WASHINGTON - A recently released report from the World Bankï¿½ï¿½s Development Prospects Group found that "the effect of biofuels on food prices has not been as large as originally thought, but that the use of commodities by financial investors (the so-called 'financialization of commoditiesï¿½ï¿½) may have been partly responsible for the 2007/08 spike." A 2008 World Bank report had attributed 75 percent of the commodity price spike to biofuels.
Energy prices contributed significantly to non-energy commodity price spikes seen recently, write authors John Baffes and Tassos Haniotis in "Placing the 2006/08 Commodity Price Boom into Perspective."
The authors also conclude "that a stronger link between energy and non-energy commodity prices is likely to have been the dominant influence on developments in commodity, and especially food, markets. Demand by developing countries is unlikely to have put additional pressure on the prices of food commodities, although it may have created such pressure indirectly through energy prices."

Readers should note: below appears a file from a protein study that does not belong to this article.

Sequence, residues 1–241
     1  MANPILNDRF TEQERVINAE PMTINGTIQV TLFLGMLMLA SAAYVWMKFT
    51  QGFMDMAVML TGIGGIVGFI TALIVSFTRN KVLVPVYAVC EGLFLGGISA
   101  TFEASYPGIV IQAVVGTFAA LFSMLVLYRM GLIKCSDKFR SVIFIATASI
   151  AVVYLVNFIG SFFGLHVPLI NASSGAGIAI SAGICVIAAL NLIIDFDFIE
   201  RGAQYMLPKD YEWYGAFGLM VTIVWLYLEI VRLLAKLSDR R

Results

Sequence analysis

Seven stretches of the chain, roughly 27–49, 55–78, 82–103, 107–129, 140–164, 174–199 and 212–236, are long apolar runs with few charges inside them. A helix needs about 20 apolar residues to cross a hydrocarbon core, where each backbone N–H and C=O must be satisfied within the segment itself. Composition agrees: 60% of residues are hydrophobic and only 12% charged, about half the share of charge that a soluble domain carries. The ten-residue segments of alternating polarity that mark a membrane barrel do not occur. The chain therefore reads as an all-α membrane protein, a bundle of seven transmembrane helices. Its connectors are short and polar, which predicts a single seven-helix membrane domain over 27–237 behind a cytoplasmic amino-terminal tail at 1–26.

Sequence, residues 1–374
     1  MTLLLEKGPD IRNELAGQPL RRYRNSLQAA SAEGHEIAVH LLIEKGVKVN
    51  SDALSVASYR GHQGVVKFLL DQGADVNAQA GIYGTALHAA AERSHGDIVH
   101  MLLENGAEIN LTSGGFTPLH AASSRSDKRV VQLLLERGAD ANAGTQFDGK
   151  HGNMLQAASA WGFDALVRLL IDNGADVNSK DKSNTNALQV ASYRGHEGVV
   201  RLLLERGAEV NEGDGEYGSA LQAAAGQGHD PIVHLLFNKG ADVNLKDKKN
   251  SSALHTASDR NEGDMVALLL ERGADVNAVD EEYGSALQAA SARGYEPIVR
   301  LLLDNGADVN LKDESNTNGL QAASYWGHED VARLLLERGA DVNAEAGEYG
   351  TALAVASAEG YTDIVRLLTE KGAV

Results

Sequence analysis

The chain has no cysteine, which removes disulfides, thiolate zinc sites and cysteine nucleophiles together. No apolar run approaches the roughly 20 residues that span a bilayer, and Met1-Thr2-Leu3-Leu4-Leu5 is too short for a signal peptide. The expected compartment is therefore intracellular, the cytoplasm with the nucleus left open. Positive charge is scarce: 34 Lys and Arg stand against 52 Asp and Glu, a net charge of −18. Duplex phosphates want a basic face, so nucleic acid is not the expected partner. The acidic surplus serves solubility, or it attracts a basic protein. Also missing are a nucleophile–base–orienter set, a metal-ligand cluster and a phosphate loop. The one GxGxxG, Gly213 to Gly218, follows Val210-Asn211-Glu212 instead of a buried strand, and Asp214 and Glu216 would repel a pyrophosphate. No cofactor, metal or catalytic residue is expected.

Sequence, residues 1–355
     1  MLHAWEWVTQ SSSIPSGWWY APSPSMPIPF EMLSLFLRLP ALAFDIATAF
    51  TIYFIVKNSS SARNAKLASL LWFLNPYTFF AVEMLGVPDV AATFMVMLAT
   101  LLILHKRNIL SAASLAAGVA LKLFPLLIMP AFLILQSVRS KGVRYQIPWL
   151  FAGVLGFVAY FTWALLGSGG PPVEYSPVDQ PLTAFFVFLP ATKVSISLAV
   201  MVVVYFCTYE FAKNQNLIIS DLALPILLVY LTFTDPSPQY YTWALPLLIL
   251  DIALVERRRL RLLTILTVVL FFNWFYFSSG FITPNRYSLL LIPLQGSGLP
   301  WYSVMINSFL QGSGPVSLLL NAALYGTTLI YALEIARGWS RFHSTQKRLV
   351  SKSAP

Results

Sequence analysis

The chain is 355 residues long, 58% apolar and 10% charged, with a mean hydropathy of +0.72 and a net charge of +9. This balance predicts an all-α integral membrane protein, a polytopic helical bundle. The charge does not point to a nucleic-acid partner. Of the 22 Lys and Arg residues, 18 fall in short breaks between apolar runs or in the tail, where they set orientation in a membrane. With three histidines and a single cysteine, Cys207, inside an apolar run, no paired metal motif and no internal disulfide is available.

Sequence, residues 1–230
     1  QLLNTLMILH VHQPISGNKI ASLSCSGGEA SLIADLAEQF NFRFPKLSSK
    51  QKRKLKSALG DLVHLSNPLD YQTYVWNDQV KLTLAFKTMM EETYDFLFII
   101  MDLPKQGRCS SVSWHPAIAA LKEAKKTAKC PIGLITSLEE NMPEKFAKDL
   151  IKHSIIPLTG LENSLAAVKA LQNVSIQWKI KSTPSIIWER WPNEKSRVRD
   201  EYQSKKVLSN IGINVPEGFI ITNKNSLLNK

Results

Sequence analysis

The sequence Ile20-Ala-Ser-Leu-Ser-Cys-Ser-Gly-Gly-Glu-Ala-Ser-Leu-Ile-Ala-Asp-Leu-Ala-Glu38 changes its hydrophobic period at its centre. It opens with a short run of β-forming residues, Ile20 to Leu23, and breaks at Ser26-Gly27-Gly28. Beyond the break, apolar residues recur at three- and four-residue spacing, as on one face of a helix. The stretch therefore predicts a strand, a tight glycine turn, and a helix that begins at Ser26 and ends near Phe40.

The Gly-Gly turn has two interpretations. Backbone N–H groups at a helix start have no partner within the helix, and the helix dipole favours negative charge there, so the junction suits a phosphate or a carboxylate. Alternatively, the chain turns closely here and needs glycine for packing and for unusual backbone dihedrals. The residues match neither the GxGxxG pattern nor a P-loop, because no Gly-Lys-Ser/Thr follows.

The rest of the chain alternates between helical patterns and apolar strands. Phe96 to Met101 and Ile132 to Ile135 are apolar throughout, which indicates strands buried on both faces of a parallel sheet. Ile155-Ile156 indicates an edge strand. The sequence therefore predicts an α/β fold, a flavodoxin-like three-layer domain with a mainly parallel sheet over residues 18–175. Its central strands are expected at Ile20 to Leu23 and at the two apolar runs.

The authors point out that "worldwide, biofuels account for only about 1.5 percent of the area under grains/oilseeds." Because of this, biofuels would not have as much of an impact on global demand and commodity price booms.
"In reversing course, this World Bank report reaffirms the marginal role biofuels play in world commodity and food prices," said Bob Dinneen, president of the Renewable Fuels Association, in a statement. "The RFA has long noted that ethanol production has continued to increase while corn prices have now returned to normal levels. Volatile oil prices, speculation, and adverse weather conditions all played far more significant roles in driving commodity prices to record and near record prices."